Giving a sound she placed a hand on her shoulder.
“Zara...” Jasper begins as she tramps passed him on the path. Even as familiar as he was with the path he still took his time. She had seen something he hadn’t. The faint smell of human drifted on the wind. Zara disappeared into the trees at the end of the path. He could see her bend and pick something up before venturing farther away. She moved faster than she had since last night. Since last night he’d grown used to her snarky tone. He couldn’t blame her though.
“That’s his lucky tent.” He could hear her speaking through the brambles. Finally pushing his way through, Jasper joins her in the untouched campsite. In the light breeze, the tent door flapped lazily. The fire was long dead. Towels, hung to dry, also swayed in the lazy breeze and smelled faintly of Zara. Somehow Jasper knew the not-quite Zara, Zara smell was her brother. Moving to her side, he reaches toward her offering comfort.
“He could have gone to the river or hunting.” Jasper’s words sounded hopefully. Deep in his chest he already knew what had happened here. Her eyes lock with his glittering with unshed tears and wide with hope. Undoubtedly her heart was full for the first time in weeks. The first real proof she had seen that her brother was alive.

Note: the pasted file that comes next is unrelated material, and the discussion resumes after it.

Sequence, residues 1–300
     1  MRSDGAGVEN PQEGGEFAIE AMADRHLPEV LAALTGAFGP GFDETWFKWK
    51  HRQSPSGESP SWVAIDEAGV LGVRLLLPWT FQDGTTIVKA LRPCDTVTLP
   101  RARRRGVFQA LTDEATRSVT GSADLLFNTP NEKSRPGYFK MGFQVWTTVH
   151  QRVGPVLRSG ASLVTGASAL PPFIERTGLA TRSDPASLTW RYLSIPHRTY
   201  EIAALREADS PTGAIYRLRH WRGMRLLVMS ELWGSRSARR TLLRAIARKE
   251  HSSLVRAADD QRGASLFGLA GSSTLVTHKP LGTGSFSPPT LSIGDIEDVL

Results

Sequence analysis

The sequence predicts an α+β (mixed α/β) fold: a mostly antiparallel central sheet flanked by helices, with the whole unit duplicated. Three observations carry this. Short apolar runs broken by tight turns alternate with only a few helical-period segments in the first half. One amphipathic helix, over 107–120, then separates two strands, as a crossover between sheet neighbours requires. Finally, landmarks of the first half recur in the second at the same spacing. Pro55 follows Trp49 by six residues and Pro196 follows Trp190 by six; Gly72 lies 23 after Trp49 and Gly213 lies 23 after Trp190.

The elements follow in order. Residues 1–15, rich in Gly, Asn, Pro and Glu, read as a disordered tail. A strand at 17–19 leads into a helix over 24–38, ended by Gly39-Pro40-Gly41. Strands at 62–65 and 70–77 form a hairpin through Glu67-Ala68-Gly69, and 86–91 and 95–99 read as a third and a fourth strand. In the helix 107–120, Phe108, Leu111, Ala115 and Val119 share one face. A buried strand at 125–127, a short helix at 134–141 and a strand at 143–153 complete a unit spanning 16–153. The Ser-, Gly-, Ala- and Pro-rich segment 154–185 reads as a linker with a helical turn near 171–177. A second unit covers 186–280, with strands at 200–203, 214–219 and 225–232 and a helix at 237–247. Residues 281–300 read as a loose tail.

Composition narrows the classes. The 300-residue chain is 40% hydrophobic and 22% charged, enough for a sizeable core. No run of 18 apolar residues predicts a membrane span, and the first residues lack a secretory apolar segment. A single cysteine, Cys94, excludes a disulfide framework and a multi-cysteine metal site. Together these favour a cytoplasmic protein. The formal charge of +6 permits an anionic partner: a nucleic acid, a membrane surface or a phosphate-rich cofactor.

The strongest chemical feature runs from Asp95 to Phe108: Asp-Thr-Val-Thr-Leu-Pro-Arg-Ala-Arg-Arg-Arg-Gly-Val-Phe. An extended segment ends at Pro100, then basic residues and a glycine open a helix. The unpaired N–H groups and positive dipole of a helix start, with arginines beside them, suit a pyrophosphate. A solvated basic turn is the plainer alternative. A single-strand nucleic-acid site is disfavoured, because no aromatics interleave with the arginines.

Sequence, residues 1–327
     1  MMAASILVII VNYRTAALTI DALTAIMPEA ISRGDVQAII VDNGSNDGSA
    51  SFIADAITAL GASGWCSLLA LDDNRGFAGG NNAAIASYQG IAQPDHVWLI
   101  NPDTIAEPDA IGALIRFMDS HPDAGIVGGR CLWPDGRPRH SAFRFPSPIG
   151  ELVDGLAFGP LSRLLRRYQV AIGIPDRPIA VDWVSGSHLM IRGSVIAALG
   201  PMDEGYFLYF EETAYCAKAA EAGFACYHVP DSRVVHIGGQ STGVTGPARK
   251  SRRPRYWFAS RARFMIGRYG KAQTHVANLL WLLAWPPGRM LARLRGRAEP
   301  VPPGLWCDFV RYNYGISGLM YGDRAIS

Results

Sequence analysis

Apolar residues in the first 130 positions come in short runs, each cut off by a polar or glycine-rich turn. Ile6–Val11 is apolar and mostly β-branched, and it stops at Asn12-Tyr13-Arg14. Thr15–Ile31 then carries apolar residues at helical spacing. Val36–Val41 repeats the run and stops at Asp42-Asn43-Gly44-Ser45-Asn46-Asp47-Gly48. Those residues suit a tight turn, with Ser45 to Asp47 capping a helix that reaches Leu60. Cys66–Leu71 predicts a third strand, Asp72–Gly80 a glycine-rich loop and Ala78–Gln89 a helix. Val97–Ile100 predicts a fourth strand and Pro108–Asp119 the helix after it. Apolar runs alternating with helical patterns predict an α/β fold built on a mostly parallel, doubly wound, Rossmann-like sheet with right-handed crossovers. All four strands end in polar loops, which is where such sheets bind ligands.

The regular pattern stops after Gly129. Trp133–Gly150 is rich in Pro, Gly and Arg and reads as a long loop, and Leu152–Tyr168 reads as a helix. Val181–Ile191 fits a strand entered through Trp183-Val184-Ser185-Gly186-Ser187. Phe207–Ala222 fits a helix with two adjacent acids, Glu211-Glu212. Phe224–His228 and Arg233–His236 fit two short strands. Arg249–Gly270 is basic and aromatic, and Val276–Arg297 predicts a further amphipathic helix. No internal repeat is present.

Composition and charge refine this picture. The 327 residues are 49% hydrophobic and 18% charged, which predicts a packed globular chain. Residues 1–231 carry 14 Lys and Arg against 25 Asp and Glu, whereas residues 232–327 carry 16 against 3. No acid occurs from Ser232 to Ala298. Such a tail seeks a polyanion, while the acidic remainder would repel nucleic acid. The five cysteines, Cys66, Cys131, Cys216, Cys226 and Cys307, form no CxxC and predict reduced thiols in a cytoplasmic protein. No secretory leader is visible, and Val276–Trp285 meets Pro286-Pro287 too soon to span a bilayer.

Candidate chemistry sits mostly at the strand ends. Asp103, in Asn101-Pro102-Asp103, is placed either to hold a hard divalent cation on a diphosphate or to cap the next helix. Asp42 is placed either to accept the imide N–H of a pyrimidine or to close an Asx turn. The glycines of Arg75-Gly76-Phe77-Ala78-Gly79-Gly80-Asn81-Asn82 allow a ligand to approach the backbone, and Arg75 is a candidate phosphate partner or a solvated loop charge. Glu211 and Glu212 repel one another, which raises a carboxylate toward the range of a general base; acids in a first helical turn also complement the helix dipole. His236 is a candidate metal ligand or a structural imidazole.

“Let’s look around.” He offered, taking a step back and dropping his backpack to his feet. Groaning slightly, he rolled his shoulders and neck before moving to the edge of the campsite. He looked around the brambles and small sapling birches, looking for animal tracks or any signs of man. The rain could have washed away any sign or smell Jasper could have picked up.
When Zara was eight she had been too friendly with the neighbor dog and got bit. She required five stitches and avoided dogs for a whole year. During that entire time she hadn't remembered any bite or wound ever burning as much as this dead. It was the sheer determination and the fact her mind wouldn't stop till knowing, the twins had a connection.
Hearing the question for one too many times, she remained behind him but shot him an annoyed look. "Yes, staying hydrated and moving my shoulder often."
Hearing his words and looking to the path she sucked in a breath. This would be perilous. "Then let's hope this doesn't end up worse than it already is," Zara answered before taking one step at a time, her feet side ways in order to avoid slipping. Without incident she reached the bottom.
There seemed to be little left of people, she caught sight of a possible canteen buried in the dirt. Catching sight of something orange, she moved faster than the entire trip. There was an intact campsite sitting peacefully, and she knew whose it was.
Growing pale, Zara stopped, afraid of possibly seeing a body there. "That's his lucky tent and bag..." She whispered her throat feeling dry. Looking to Jasper with an expression of mixed emotions.